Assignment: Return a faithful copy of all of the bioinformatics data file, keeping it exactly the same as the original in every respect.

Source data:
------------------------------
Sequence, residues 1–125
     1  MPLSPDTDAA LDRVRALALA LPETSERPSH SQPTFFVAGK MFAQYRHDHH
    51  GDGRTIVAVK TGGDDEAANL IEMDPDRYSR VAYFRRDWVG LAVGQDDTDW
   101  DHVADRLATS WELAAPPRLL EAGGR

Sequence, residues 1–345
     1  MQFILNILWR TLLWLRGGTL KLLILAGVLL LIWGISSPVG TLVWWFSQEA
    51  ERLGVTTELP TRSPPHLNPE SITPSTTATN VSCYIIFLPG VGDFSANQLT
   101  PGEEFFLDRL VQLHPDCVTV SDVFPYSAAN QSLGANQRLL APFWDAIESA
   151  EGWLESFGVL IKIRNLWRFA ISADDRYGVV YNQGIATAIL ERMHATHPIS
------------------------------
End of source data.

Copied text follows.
Sequence, residues 1–125
     1  MPLSPDTDAA LDRVRALALA LPETSERPSH SQPTFFVAGK MFAQYRHDHH
    51  GDGRTIVAVK TGGDDEAANL IEMDPDRYSR VAYFRRDWVG LAVGQDDTDW
   101  DHVADRLATS WELAAPPRLL EAGGR

Sequence, residues 1–345
     1  MQFILNILWR TLLWLRGGTL KLLILAGVLL LIWGISSPVG TLVWWFSQEA
    51  ERLGVTTELP TRSPPHLNPE SITPSTTATN VSCYIIFLPG VGDFSANQLT
   101  PGEEFFLDRL VQLHPDCVTV SDVFPYSAAN QSLGANQRLL APFWDAIESA
   151  EGWLESFGVL IKIRNLWRFA ISADDRYGVV YNQGIATAIL ERMHATHPIS